Dave’s presidential year was unique and will always be remembered for its focus on ‘love’, based on the simple premise that all children deserve to be and to feel loved by those who care for and work with them. Dave wrote this blog when he became president in April 2016...
I was, have been and am – loved. I am as sure as I can be that my parents loved me unconditionally and I not only love my wife and children, but a range of others too. It is a really deep, heart wrenching kind of love. It can be joyous and sometimes even gut wrenchingly upsetting, but it is very real. And I don’t think I’m confusing this emotion with deep caring or concern, although love can involve those things too.
I am also a sucker for the film Love Actually all of those British luvvies falling in (and out of) love. My personal favourite scene is when Jamie (played by Colin Firth) proposes to Aurelia in broken and comical Portuguese. I am sure for those of you who like me have a soft spot for the film will remember it well. But the use of the word love is ubiquitous and its meaning undermined by abuse, misuse and overuse.
So why blog about love? As directors of children’s services my colleagues and I know only too well how important positive and meaningful relationships are to children, particularly children and young people in care. It is these relationships that children tell us they value most and can help them overcome challenges in life. These children deserve more than simply just our care, concern and attention, they also deserve our love. So deep acceptance, caring and concern, all attributes of love, are qualities that we should value in our carers, social workers, teachers and other professionals who work with children. We should also acknowledge that unconditional love is a key part of child development.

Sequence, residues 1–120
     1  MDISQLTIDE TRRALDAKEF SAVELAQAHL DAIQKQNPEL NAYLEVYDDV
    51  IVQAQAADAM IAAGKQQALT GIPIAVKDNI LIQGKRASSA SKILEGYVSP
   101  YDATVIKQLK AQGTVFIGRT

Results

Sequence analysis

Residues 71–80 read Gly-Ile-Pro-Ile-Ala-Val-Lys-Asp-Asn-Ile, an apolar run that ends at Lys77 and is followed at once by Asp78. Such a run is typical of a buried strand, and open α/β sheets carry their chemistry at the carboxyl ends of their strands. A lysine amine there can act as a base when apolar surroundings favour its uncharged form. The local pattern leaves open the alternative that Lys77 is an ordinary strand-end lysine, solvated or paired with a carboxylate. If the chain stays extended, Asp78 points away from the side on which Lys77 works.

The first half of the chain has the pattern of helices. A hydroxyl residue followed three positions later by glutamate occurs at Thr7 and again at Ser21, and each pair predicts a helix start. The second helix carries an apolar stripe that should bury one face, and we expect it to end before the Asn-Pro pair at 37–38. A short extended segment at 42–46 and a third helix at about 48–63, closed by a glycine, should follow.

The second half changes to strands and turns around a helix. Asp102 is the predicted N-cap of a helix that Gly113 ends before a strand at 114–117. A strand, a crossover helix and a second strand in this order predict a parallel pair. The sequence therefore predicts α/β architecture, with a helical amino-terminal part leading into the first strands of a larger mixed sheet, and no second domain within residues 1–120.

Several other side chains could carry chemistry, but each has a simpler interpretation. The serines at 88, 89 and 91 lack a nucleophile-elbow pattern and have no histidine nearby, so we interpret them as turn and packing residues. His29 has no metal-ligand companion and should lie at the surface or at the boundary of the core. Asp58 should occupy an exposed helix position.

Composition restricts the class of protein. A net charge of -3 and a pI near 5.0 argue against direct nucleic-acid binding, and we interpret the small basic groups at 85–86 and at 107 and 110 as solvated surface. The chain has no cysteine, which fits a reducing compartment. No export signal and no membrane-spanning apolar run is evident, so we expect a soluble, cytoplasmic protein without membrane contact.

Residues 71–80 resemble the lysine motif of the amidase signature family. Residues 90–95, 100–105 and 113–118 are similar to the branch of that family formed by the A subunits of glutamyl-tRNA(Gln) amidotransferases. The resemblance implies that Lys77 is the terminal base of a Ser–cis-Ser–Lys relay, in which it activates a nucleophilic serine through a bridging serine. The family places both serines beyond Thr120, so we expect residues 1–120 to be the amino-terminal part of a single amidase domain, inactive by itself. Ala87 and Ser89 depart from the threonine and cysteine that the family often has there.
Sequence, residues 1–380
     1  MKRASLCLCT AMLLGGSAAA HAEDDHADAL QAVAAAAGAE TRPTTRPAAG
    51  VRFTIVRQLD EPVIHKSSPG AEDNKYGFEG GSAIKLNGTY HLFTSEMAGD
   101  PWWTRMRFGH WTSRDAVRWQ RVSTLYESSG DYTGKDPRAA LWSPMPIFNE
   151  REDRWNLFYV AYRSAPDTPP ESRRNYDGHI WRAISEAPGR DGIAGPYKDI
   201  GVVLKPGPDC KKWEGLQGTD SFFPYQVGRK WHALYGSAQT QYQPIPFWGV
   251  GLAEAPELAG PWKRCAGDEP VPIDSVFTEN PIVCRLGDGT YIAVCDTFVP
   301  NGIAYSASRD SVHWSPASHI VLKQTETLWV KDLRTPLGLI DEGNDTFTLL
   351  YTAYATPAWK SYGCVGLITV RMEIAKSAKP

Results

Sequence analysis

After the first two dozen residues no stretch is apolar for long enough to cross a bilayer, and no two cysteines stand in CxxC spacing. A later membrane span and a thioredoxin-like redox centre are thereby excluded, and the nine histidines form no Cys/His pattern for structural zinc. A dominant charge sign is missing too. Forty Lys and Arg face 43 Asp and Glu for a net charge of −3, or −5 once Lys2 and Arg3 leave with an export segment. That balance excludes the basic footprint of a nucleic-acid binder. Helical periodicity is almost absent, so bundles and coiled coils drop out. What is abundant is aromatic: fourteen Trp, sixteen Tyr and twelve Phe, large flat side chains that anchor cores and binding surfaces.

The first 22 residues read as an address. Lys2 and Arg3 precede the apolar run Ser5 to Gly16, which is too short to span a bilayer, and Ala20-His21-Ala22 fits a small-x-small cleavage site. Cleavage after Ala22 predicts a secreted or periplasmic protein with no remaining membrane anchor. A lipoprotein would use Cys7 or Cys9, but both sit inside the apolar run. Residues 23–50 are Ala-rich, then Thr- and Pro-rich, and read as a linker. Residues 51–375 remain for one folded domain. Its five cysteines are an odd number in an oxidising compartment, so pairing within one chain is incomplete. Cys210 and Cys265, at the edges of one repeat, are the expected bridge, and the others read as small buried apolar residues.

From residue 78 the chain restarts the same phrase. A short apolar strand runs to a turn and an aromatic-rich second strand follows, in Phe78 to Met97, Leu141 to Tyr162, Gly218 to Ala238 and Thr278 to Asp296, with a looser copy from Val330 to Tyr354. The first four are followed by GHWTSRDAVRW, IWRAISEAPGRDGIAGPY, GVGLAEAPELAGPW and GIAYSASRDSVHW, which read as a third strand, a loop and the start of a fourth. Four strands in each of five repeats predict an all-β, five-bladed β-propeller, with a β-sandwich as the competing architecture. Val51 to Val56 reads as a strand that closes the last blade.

We value adoption as a means to a loving family and look for these traits in our adopters, but love is also present in foster placements and yes in residential care too. But as professionals we value ‘boundaries’ and ‘professionalism’ and can find the ‘L’ word difficult and awkward to discuss. Loving relationships are driven more by the heart than they are by the head – this is not territory we are comfortable in. Yet if we ask children looked after what they want and need they are more forthcoming, they want love, many are happy to say so. In my experience they want love that is unconditional, but a love not in competition with their families, love that doesn’t seek to replace, but enhance. The fact is that if you give love, you are likely to receive love back in return, it can and does affect your judgement. When you receive love as a child it encourages, motivates and supports you to go on and achieve the best in life. So we need to start talking about love, the children we care for deserve nothing less.
“The greatest gift you can give to others is the gift of unconditional love and acceptance” – Brian Tracy.”
Dave Hill, 1959-2020. This blog first appeared on the ADCS website